Armed with this information you can release any shame, blame, or guilt related to a loss of connection or desire. Understanding that the lost spark is, not only normal but, inevitable in long-term relationships is the first step to making room for the sparks to return.


Next, I want to focus on… “he doesn’t do anything romantic and never really has.” This is an important observation. Whenever you find yourself wishing that your partner behaved in a different way, ask yourself “have they always been this way?” If the answer is yes, then it’s very unlikely that the behavior will ever change.

Many people aren’t romantic (and never will be), and that’s okay. But that doesn’t mean that you two can’t have intentional time together that is very intimate and connecting.

One of the main things I work with couples on is to appreciate each other’s differences. We all have our own values, distinct personality characteristics, and differently wired brains. Focus on the things that you two do appreciate about each other.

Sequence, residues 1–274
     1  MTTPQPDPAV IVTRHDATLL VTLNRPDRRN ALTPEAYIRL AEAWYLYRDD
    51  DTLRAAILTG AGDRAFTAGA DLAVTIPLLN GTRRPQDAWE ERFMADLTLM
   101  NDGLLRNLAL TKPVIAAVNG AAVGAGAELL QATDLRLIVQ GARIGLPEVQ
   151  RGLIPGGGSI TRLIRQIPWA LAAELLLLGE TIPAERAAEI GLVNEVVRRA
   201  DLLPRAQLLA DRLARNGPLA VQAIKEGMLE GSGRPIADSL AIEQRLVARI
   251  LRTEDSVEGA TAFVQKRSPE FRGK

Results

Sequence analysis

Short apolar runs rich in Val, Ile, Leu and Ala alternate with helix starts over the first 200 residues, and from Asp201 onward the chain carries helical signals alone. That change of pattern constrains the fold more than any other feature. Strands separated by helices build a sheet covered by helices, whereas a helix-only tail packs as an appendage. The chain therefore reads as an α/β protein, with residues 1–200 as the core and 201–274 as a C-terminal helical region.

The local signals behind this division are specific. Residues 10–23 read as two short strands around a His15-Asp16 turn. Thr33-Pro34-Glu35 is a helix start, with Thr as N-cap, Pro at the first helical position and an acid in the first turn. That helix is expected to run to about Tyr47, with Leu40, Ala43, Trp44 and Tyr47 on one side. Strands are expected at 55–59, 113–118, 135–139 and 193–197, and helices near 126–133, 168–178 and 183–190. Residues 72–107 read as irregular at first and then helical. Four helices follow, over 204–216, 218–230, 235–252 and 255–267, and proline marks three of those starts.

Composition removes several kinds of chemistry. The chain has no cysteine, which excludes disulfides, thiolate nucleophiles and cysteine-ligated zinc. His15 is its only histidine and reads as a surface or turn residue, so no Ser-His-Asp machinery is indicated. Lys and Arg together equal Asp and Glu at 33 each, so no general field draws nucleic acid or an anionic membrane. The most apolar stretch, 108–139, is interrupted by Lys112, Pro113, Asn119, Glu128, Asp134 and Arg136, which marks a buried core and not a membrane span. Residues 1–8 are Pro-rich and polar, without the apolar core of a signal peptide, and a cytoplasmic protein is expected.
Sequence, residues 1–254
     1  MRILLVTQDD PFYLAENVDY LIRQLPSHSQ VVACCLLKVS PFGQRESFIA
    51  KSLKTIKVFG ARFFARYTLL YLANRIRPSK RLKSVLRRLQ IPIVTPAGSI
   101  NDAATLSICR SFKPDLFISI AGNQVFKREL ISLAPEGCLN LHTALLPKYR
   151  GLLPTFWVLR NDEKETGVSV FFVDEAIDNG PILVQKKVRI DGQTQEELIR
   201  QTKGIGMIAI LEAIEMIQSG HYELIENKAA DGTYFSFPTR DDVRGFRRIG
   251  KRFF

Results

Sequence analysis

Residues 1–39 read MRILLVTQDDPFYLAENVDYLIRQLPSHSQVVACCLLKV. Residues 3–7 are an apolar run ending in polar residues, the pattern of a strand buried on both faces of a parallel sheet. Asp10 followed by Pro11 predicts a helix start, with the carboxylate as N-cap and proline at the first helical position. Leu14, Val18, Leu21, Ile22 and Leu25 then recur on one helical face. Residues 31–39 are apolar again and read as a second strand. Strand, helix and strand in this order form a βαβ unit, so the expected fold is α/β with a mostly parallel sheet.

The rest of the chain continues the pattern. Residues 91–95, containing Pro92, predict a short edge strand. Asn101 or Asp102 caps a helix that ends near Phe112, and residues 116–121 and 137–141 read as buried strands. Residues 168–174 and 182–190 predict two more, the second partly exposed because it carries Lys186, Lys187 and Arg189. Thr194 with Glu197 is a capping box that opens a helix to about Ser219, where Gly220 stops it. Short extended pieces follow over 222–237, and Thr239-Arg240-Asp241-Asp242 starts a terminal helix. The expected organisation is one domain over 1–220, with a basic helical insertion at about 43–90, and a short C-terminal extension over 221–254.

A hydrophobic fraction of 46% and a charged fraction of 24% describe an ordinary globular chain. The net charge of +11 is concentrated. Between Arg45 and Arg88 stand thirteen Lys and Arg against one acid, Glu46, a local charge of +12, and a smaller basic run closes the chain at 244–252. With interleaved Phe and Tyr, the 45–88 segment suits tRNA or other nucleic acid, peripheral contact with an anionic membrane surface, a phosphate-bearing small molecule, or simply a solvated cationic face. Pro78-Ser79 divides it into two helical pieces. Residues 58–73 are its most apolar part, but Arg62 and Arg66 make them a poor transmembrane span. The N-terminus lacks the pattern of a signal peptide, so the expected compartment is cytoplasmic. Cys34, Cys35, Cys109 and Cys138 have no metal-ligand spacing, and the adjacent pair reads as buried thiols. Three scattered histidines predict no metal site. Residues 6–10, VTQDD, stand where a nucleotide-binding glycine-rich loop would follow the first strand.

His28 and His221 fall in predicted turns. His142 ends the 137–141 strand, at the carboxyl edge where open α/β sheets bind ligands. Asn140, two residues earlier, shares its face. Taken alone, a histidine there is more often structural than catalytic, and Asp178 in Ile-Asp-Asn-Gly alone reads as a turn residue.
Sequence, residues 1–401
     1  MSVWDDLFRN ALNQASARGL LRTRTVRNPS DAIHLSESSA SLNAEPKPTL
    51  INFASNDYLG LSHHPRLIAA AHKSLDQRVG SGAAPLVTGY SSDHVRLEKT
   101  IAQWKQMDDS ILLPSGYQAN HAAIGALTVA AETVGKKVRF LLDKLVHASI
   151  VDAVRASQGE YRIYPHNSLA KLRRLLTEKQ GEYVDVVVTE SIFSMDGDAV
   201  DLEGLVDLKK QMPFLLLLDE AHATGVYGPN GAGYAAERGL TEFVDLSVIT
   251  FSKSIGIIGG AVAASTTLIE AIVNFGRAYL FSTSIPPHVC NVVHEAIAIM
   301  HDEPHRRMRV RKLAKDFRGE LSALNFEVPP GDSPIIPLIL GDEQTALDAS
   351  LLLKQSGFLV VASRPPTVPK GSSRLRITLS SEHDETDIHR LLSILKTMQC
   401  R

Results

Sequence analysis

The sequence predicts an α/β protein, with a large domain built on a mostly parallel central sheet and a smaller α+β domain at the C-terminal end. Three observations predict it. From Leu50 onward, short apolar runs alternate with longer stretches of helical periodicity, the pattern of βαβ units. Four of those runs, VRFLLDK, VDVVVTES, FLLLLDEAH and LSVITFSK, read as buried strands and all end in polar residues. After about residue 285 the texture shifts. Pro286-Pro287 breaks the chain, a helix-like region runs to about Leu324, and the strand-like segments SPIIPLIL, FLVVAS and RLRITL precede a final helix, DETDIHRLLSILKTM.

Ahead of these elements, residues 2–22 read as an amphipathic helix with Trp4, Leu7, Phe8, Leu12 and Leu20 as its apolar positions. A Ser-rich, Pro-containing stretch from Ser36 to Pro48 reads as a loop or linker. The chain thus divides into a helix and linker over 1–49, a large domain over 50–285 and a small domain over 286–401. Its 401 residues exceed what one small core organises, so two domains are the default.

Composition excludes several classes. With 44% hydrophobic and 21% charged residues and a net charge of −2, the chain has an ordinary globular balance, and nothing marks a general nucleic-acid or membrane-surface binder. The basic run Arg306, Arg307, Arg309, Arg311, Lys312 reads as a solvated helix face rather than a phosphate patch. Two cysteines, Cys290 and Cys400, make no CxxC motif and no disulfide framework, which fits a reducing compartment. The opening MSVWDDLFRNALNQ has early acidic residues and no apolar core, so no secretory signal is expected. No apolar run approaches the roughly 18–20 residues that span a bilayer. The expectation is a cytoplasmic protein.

Here’s an easy way to practice incorporating more appreciation into your relationship: Once per day over the next week set aside 2 minutes where you and your husband each share something that you appreciate about one another. And be sure to elaborate and give an example of how they exhibit that quality or characteristic. For example: “I love that you are so supportive of me. It felt really great when you encouraged me to take that art class that I’ve been eyeing for months” or “I appreciate your organizational skills. You really keep our finances and budget running smoothly – and that’s one less thing that I have to worry about. Thank you.”